OpenAI is facing a mutiny amongst its own staff, with more than 500 threatening to walk out and join former CEO Sam Altman at Microsoft.
In an extraordinary open letter posted by Wired journalist Kara Swisher and signed by 505 members of staff, the group claim that Friday’s firing of CEO Sam Altman and co-founder Greg Brockman has “undermined our mission and company”. Altman and Brockman were both hired by Microsoft to lead a new AI research department earlier today.
The group are demanding the resignation of the board of directors and threatening to walk out of the company if that doesn’t occur.
“We, the undersigned, may choose to resign from OpenAI and join the newly announced Microsoft subsidiary run by Sam Altman and Greg Brockman,” the letter states.
“Microsoft has assured us that there are positions for all OpenAI employees at this new subsidiary should we choose to join,” the letter adds.
Signatories of the letter include Mira Murati, the chief technology officer who was briefly installed as the interim CEO over the weekend, before the position was handed to Twitch co-founder Emmett Shear.
Chief AI Scientist Ilya Sutskever, who was reportedly among those who led the push to remove Altman at the end of last week, is also a signatory. In a tweet issued today, Sutskever wrote: “I deeply regret my participation in the board’s actions. I never intended to harm OpenAI. I love everything we’ve built together and I will do everything I can to reunite the company.”
Microsoft Meddling With OpenAI?
If the letter is accurate and Microsoft is offering more positions to disgruntled OpenAI employees, it will surely cause enormous friction between Microsoft and the company that provides the basis for all of its AI tools, such as Windows Copilot, Microsoft 365 Copilot and GitHub Copilot.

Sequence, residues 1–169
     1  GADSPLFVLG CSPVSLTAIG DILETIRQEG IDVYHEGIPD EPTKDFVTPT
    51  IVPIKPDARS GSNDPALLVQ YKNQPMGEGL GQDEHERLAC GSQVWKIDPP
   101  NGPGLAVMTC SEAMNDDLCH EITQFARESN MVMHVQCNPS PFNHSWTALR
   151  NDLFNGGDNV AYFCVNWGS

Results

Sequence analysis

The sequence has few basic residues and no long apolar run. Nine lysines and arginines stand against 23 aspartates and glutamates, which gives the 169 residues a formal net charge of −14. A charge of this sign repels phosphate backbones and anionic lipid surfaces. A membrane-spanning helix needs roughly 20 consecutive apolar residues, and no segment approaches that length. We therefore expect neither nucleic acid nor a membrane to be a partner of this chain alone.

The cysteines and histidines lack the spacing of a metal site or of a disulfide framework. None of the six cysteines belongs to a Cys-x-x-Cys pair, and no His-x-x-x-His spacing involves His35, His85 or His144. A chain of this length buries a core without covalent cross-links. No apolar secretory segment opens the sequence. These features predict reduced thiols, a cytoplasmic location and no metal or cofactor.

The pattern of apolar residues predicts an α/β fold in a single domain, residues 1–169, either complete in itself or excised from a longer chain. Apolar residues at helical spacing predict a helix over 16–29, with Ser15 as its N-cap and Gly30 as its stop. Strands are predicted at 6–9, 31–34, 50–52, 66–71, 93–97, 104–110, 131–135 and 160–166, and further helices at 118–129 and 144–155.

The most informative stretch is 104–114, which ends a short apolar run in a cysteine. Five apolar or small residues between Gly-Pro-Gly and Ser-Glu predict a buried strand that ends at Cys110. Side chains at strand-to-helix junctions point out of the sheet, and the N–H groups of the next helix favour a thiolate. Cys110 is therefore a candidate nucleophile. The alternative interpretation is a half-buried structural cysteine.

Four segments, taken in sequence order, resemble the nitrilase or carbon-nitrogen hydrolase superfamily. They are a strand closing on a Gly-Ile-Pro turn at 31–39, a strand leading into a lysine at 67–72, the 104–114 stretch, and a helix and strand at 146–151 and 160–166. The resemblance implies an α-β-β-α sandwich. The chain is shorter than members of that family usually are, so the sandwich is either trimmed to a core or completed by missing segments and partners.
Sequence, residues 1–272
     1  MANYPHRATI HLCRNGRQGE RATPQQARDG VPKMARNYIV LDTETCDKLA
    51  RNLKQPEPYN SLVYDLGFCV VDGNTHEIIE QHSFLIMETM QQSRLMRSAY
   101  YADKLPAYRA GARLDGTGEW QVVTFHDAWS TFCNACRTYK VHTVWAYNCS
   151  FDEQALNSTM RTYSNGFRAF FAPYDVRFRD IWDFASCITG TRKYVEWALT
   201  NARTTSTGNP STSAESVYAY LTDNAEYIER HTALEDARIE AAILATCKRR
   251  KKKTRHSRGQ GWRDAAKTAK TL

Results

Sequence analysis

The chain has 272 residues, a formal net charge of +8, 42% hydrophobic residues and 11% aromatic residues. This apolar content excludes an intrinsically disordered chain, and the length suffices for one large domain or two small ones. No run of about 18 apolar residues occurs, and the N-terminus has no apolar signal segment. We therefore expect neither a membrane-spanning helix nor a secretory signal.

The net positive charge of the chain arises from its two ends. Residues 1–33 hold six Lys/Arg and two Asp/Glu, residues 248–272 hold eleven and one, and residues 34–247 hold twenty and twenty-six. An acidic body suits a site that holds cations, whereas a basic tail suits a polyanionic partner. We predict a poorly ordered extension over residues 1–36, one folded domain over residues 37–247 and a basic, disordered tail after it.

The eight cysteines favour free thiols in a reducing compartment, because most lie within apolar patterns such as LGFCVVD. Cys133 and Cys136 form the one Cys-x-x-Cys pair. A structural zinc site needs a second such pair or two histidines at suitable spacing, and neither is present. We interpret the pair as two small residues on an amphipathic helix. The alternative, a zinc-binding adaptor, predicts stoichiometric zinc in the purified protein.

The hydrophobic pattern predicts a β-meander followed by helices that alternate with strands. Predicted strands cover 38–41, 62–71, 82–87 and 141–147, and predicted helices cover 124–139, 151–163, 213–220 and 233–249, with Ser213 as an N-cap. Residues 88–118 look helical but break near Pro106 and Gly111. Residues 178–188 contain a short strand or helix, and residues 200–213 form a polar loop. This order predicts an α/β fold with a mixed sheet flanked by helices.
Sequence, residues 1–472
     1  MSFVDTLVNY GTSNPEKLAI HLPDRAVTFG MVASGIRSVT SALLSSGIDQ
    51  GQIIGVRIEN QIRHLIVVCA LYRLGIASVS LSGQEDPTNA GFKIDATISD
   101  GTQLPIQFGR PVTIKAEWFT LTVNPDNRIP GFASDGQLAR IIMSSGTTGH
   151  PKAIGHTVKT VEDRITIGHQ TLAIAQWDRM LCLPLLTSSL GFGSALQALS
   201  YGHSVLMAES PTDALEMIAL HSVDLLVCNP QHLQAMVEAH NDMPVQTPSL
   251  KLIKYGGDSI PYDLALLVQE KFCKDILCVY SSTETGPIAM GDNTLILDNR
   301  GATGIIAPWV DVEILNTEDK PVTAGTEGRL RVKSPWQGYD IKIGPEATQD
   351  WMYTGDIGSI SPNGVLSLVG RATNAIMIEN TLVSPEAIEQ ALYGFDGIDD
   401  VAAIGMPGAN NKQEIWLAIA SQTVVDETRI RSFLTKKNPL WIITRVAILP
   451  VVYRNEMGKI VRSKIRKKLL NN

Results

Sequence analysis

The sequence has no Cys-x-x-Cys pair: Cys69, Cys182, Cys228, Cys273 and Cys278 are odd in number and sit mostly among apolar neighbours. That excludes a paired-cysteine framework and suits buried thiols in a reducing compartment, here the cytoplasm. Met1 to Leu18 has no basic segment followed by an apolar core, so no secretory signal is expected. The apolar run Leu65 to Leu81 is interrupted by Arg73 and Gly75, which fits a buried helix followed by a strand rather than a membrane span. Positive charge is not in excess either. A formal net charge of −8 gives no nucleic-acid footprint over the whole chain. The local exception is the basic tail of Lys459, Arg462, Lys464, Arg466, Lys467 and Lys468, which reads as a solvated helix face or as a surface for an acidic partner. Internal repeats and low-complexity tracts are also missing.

Microsoft CEO Satya Nadella this morning appeared to try and ease potential tensions with OpenAI after announcing the hiring of Altman anfd Brockman.
“We remain committed to our partnership with OpenAI and have confidence in our product roadmap, our ability to continue to innovate with everything we announced at Microsoft Ignite, and in continuing to support our customers and partners,” Nadella tweeted.
“We look forward to getting to know Emmett Shear and OAI’s new leadership team and working with them. And we’re extremely excited to share the news that Sam Altman and Greg Brockman, together with colleagues, will be joining Microsoft to lead a new advanced AI research team. We look forward to moving quickly to provide them with the resources needed for their success.”
Microsoft declined to comment specifically on whether it had offered OpenAI staff jobs, referring to the Nadella statement above.
Even if Microsoft is willing and able to accommodate the 500 or so OpenAI staff who wish to jump ship, it certainly won’t be straightforward to simply pick up where they left off at OpenAI. Creating and training the large language models (LLMs) that power services such as ChatGPT and Microsoft’s own services takes many months, if not years. While Microsoft will likely have long-term licensing deals for OpenAI’s GPT-4 and beyond as part of its $10 billion partnership, it would likely be starting from scratch if it attempted to build rival models of its own.